Children are more much more likely to experience night terrors than adults, but most children grow out of it in their teenage years. For adults, night terrors and frequent nightmares are common for people who have PTSD or related traumatic disorders. I was diagnosed with PTSD in 2014. The trauma that caused that began in 2011. Night terrors joined the fray around that time. Night terrors have, over the past year, become infrequent visitors. I rarely wake my husband up with my midnight screams. Nightmares have not gone away, but I have learned to compartmentalize the fear they drum up.

2014, age 27

Confusing. Everyone was moving. Dad was alive. No, he came back to life but was really only half alive. He was dejected and depressed and addicted. Got our house back but only for a little while, it was really really haunted. At one point I went to a room full of books. Like my brother’s old room, but it was huge and really haunted. I screamed “fuck you” and the door slammed on me. I was so angry. It happened over and over.

I ran out of the house and as I was running I split in two. Me as a child ran out of the front door and the house tried to smash me as I am now. The house yelled that it would smash me like I smashed it’s door. The door slammed and the walls broke and came crashing in. I slid out of the house and it came barreling down in pieces, and came after me. I hid behind a boulder and grabbed someone else who was in the way and pushed them away from the debris.

Several themes have been following me through the decades. One is that I am always losing my shoes. Ten-year-old me was losing shoes in her dreams and 32-year-old me is still losing shoes. Another has been homes that sprawl into bigger buildings the further you go in them. Hidden rooms and secret hallways long forgotten. The first dream I remember having was like that, I dreamt my dad had gone into the crawl space beneath our house and that it was actually a large basement. The third experience that I cannot escape is that my evening forays have always been full of hauntings. And until recently, I could never scream for help in a nightmare, most of the time I couldn’t even whisper “help.”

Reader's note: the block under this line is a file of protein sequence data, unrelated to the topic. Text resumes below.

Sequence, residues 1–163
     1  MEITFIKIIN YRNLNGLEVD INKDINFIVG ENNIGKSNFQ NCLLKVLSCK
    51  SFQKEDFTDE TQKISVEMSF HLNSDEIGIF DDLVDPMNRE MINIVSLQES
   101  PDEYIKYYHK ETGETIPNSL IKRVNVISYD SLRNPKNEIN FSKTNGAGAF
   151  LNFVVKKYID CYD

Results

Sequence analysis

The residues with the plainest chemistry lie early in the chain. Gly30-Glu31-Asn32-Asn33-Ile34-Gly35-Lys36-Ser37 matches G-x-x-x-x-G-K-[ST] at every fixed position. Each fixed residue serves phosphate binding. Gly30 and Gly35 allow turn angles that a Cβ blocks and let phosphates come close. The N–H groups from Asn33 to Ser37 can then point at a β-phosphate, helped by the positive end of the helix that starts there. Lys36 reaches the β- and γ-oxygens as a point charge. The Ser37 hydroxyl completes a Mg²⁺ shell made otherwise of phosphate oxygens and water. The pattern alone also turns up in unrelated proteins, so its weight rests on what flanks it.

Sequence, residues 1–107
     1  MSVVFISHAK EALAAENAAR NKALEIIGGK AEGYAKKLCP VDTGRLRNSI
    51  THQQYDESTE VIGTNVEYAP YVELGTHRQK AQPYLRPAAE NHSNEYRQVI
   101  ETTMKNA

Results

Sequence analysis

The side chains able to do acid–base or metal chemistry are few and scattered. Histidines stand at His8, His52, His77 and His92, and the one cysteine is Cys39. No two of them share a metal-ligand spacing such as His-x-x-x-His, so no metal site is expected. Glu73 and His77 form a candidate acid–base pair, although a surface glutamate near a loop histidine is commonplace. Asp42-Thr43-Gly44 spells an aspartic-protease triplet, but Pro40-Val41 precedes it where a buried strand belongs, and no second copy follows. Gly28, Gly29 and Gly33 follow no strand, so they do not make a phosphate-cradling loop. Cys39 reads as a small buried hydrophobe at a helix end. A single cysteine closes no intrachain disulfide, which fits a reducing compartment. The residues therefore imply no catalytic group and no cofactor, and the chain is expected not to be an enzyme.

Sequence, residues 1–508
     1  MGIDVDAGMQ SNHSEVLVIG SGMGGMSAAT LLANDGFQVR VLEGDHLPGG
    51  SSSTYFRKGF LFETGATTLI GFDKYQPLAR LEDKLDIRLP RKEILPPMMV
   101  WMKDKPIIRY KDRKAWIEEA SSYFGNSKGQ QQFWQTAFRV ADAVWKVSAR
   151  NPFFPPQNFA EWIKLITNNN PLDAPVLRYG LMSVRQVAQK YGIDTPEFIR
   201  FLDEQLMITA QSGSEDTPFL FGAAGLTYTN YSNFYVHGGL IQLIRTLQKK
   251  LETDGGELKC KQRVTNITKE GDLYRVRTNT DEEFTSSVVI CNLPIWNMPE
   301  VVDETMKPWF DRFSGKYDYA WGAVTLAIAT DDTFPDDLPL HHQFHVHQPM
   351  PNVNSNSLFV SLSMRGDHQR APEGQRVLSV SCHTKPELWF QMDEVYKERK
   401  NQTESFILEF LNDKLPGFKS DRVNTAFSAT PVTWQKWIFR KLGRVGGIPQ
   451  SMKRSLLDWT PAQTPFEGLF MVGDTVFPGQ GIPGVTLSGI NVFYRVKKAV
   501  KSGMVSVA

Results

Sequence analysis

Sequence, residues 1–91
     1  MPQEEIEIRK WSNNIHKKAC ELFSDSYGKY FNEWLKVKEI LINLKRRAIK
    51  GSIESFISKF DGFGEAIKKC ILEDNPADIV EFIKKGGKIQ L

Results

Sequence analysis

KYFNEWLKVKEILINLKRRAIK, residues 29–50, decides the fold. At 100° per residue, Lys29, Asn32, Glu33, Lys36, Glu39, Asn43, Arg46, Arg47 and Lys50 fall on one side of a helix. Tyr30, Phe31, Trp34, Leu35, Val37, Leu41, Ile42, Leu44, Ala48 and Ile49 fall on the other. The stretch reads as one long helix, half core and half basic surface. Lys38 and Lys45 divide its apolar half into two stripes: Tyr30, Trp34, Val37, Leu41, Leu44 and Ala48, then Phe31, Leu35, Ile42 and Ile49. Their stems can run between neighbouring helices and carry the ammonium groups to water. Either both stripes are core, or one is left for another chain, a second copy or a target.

2017, age 31

I wandered into haunted rooms and stairwells, the house was – per usual – bigger than in real life and kept having more rooms that I didn’t know were there. Almost like the house was alive.

I have 13+ years of dream journals saved up on my computer, adding up to 45,000 words of potential horror movie material. That is not counting the dozens of handwritten journals I recently reacquired after they spent years tucked away in the attic of my sister’s house.

I can chart the ups and downs of my life through dreams. In retrospect, I can extrapolate some semblance of meaning that seems to correlate with issues in my waking life; unresolved conflicts, codependency, invisible loyalties, and internalized misplaced blame. All of which have been pulled along by a strong current of fear. Between my journals and my dream journals, I could put together one hell of a memoir.

January 9, 2019